"We are not measured by the trials we meet -- only by those we overcome."
- - Spencer W. Kimball
November 26, 2015
A Call in the Hall
by Cyndie Swindlehurst

Question:

Yesterday at church, I got a new calling. At least, I think that’s what happened. A member of the bishopric came up to me in a crowded room after church as I was trying to herd my children out the door. He casually mentioned that they had a new calling for me, told me what the calling was and asked if I would do it.

I felt cornered and pressured, and I said yes because I didn’t know what else to say in a crowded room. Frankly, the calling sounds nearly impossible to do given my husband’s work and church schedules and the number of children we have. I already bring our carload of young children to church alone every Sunday because of my husband’s stake calling.

I’m feeling peeved at the whole situation, but I don’t know what to do since I think I already accepted this new calling.

Answer:

Let’s start this column with an unequivocal, full-throated denunciation of the call in the hall. It is unacceptable to issue callings in passing, in public and in a way that does not allow the person being called to consider, ask questions and then respond. A call in the hall communicates that neither the person being called nor the calling itself merits an actual, private sit-down.

In fact, I don’t think anyone should be asked in passing to do something that requires significant effort. Whether a person is being asked to sing in sacrament meeting or teach one week of Sunday School, it is far better for the asker to say, “Can I talk to you for a minute,” and then to step into a quiet, out-of-the way place, where the request can be fully explained.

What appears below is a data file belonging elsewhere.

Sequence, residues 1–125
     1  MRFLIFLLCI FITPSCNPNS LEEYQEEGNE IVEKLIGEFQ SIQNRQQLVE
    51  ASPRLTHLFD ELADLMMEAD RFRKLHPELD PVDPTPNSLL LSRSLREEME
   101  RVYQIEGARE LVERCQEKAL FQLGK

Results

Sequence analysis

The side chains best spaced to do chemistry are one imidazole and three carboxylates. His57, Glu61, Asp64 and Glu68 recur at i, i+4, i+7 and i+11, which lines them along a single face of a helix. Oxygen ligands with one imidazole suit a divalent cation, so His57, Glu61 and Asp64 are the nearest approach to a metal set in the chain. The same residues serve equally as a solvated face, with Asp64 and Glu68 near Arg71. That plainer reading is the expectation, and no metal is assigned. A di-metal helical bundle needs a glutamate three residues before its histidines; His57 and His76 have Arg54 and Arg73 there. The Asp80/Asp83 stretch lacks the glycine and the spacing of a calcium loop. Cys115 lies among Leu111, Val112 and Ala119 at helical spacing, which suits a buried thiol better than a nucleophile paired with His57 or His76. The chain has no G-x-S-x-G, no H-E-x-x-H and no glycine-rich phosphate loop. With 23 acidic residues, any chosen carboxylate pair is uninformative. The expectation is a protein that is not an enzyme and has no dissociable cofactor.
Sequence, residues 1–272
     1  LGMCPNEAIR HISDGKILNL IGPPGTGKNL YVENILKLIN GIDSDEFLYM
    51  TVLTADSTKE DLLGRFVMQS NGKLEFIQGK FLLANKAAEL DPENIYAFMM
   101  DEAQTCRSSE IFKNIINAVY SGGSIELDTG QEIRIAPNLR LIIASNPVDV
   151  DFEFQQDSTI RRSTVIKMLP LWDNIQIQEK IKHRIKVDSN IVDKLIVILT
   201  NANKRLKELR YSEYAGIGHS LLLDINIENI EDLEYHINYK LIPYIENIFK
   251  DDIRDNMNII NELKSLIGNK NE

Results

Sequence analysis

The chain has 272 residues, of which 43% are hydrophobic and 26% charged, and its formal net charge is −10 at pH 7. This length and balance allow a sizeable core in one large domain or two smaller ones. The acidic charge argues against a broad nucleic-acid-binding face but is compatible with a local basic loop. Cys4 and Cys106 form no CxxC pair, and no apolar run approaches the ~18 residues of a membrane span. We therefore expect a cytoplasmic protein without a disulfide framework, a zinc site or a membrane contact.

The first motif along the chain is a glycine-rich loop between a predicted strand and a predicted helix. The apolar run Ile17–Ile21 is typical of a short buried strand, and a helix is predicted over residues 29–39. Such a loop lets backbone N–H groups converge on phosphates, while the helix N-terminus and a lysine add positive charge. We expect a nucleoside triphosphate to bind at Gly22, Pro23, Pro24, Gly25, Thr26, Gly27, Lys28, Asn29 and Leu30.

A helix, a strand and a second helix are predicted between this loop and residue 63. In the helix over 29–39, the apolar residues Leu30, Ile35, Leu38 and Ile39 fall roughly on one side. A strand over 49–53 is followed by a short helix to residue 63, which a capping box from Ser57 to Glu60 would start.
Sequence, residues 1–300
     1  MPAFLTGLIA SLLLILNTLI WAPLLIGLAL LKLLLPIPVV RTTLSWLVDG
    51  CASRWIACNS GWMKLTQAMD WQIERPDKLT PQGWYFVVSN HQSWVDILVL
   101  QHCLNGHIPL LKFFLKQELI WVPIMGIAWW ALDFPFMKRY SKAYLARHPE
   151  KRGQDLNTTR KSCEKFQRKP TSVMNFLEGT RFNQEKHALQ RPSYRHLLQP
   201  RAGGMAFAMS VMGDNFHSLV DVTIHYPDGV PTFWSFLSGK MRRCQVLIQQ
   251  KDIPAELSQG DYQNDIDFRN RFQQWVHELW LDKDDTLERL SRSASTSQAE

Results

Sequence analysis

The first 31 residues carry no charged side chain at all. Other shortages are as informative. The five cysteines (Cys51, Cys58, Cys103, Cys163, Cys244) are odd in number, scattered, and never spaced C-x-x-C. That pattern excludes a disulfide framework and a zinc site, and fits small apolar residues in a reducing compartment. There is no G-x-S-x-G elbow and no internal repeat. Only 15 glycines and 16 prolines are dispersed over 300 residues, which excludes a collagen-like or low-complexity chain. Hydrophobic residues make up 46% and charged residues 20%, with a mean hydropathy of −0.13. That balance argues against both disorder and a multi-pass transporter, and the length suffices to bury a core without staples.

Taking this extra time shows respect for the person being asked and allows that person to consider his answer and then respond. It acknowledges that the request is not routine and that the task in question is important.

The correct way to issue a calling is described in section 19.2 of Handbook 2. “Callings should be extended in a dignified, formal manner, not in a casual setting or manner.” The person issuing the calling is supposed to interview the person being called to determine that person’s willingness to do the calling.

The calling should be explained, including any special instructions or challenges the person can expect to encounter, and the person being called should be invited to ask questions.

Your letter wonderfully demonstrates the unpleasant after effects of eschewing the Handbook’s advice and opting instead for a call in the hall. Not only are you unsure that you did, in fact, accept a new calling, but you feel irritated that the person issuing the call did not bother to talk to you privately.

You felt ambushed and cornered instead of open to a new challenge. And you had no ability to discuss the potential conflicts presented by your family logistics and responsibilities.

You also seem to feel that the bishopric did not think very carefully before asking you to take on another huge responsibility. On this point, you may be correct. They might have said, “We need a Primary music leader. Sister Barnard comes every week. I bet she’d say yes.”

But it is also possible that your new calling, although casually issued, was not casually determined at all. Most callings require sacrifice, stretching and schedule-juggling, and the bishopric might have determined that despite your other obligations, you were the right person for this responsibility.